CAMBODIA faces a number of obstacles in boosting rice exports that will be addressed in the government’s updated policy document, Prime Minister Hun Sen said yesterday.
Speaking at a university graduation ceremony, he said the updated policies were due August 17, and would be aimed at maximising rice exports for the benefit of the national economy.
“We still lack things such as machines to mill rice to acceptable standards, warehouses, and money to buy paddy to export,” he said at the ceremony at Phnom Penh’s Koh Pich Centre.
With little domestic capital available to buy paddy, competitors from markets such as Thailand and Vietnam buy Cambodian paddy and then process and re-export it.
“We need a lot of money to buy the unhusked rice,” he said.
“Exporting paddy makes us lose rice husks, work.... That’s why we want to attract direct capital.”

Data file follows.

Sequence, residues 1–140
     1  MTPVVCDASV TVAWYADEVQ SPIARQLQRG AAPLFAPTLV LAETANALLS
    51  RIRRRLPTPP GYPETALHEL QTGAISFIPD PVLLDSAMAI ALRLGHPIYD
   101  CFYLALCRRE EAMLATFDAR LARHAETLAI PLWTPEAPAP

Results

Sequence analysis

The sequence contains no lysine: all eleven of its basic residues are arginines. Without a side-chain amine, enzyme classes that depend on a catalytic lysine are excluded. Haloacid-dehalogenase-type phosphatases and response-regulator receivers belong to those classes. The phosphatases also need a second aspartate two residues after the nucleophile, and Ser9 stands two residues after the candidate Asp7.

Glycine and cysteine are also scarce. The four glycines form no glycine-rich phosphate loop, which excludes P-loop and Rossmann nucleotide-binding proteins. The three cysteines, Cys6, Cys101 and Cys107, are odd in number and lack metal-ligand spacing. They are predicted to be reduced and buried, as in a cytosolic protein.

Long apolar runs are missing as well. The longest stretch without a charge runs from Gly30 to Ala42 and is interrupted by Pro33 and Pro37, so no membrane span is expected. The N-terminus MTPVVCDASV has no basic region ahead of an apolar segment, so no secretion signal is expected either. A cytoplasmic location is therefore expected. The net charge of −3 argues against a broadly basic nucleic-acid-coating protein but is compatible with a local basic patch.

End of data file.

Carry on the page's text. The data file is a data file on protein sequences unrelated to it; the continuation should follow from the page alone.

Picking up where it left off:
The drafting of the new policy had been spearheaded by the Supreme National Economic Council, said Meng Saktheara, director of the Industry Department of the Ministry of Industry, Mines and Energy.
Input had largely been provided by two ministries, with the Ministry of Commerce concentrating on facilitating trade and export, while MIME tackled the supply side by increase milling capacity and standards.
The policy update would be just the latest in a raft of initiatives undertaken this year to boost the export of milled rice – a push that has already paid off with a massive surge in the milled grain’s export in the first half of this year.
Some 107,291 tonnes of milled rice worth $13.4 million were exported through May this year – a 2,356 percent jump on last year, according to statistics from the Ministry of Commerce’s CamControl.
The prime minister said that ongoing discussions with regional leaders were aimed at facilitating rice exports. Talks have taken place with Malaysia and Singapore, and he said he looked to meet with newly elected Philippine President Benigno Aquino at a future event.
The Philippines is currently the world’s largest importer of rice, according to Bloomberg.
“Cambodia has to increase its ability to compete to enlarge the marketplace, while keeping the existing markets such as the US, Europe, and Canada,” he said.
“We have to find other marketplaces as well.”
The SNEC was ordered in April to begin composing the new policy document.